Contact & Comments

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2 Replies to “Contact & Comments”

  1. Hi there,
    just stumbled upon your blog when searching for Sony a6000 full spectrum related topics. I also own a a6000 full spectrum and recently bought a 80mm Triplet APO refractor which I will now use for some astrophotography. Just wondering if you would have some tips related to a6000 settings, filters etc. when using it for astrophotography?
    Regards,
    Gerrit

    1. Hello Gerrit,

      I would be happy to help with some of my knowledge! Here are some ideas to start with:

      1) if the camera was full-spectrum modified, you should definitely have an UV/IR block filter to have the camera perform as if it was not modified. The same would apply to the IR enhanced modification, where a IR-Cut filter would suffice
      2) Depending on your typical imaging location, you would wand to have a LPS / IDAS / … filter, to cut a fair bit of the light pollution. You will be able to expose significantly longer in urban areas before you saturate images! Never mind the colors getting off. They will be fixed in post-processing 🙂
      3) If you really want to get serious about astro-photography for nebulae or super-novae (what I assume by the full spectrum modification), you will need narrow band filters. No matter which camera you use, the hydrogen-alpha (Ha) and sulfur (S-II) lines are really dim compared to stars, background light and the like. O-III is in the highest sensitivity range of the CMOS sensors. So you probably won’t have that much of a challenge compared to the other two.
      4) all your filters have to be 2 inch size due to the APS-C sensor! I know they are not cheap. But you will waste a lot of data if you install 1.25 inch filters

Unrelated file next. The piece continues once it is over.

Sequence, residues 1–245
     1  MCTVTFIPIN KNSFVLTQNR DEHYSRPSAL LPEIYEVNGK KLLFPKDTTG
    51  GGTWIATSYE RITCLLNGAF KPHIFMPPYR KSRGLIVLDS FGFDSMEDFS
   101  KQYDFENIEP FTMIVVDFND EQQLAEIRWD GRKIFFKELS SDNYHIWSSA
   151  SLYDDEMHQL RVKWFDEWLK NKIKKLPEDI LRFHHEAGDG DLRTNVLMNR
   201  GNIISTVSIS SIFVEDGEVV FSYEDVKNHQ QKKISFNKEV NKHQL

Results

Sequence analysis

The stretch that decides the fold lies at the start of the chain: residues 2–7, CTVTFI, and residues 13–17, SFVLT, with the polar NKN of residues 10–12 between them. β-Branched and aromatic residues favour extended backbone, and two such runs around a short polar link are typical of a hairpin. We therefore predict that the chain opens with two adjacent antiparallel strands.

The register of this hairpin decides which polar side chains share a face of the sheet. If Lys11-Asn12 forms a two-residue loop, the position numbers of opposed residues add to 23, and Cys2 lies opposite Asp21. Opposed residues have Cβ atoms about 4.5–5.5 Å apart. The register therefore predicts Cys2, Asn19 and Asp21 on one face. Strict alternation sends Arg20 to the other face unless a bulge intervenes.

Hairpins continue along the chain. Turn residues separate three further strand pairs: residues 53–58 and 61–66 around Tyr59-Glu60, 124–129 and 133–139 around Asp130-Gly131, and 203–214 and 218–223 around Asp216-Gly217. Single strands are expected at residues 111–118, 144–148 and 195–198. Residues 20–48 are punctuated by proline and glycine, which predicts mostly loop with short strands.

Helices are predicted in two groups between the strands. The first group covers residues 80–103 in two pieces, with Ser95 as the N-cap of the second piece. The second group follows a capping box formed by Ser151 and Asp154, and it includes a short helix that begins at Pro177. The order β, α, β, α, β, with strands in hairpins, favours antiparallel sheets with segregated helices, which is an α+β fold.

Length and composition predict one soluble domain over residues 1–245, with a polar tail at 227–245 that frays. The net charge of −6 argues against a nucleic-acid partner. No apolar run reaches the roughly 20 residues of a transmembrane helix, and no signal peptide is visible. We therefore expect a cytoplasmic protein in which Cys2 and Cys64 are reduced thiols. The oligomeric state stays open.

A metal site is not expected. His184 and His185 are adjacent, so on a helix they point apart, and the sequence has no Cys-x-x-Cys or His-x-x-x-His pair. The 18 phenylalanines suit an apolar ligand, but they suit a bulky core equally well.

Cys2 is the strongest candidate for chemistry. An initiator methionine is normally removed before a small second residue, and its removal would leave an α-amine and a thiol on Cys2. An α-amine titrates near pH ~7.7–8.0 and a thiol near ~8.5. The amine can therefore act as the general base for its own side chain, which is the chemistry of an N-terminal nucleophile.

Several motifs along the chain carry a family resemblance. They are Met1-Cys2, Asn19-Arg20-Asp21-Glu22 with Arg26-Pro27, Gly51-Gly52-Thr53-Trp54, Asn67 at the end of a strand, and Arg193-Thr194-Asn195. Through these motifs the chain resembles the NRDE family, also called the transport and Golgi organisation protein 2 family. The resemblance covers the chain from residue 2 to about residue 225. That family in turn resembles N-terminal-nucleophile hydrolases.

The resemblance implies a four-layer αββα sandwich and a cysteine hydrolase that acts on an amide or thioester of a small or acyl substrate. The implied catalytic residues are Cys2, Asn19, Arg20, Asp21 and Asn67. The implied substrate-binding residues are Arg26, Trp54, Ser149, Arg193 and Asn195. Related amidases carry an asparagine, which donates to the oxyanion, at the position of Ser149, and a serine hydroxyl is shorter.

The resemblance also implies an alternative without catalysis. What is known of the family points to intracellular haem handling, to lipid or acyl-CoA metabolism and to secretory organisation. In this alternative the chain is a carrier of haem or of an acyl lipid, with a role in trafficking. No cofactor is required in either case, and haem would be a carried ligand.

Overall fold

5) using different filters calls for a filter slider or filter wheel. Otherwise you will get disappointed by the amount of time spent on focusing after each filter change.
      6) same applies if you use filters of different manufacturer / brand during one session. You would want to look for homo-focal filter sets, where all filters are of same glass thickness.
      7) I hope, you got a flattener with your triplet APO? If not, be sure to add one in first place!
      8) Tracking mount and Auto-Guiding:
      Narrow-band imaging requires long exposures! The A6000 has a rather bad noise performance (compared to up-to-date models like A6400). You will not want to exceed ISO800. With an f/6 APO, I had to go for 600s exposures to get at least some usable data – especially with Ha or S-II. Imaging with longer focal length optics and exposure times above 30s is really difficult – or even close to impossible – with simple sky-trackers. So if you don’t own a high-end and sturdy German equatorial mount, you cannot avoid auto-guiding. I will not go into more details here – ask, if you need further assistance with this topic!

      Now in January is a perfect time to start experimenting with astro-photography! Orion is very well placed. Start off with the bright and easy objects like M42 or the Rosette nebula.

      I hope, I could shed some light on using the modified Sony A6000 camera in astro-photography. If you want to dig deeper into further details, or if you have further questions, drop another line or two 😉

      Cheers, MatP

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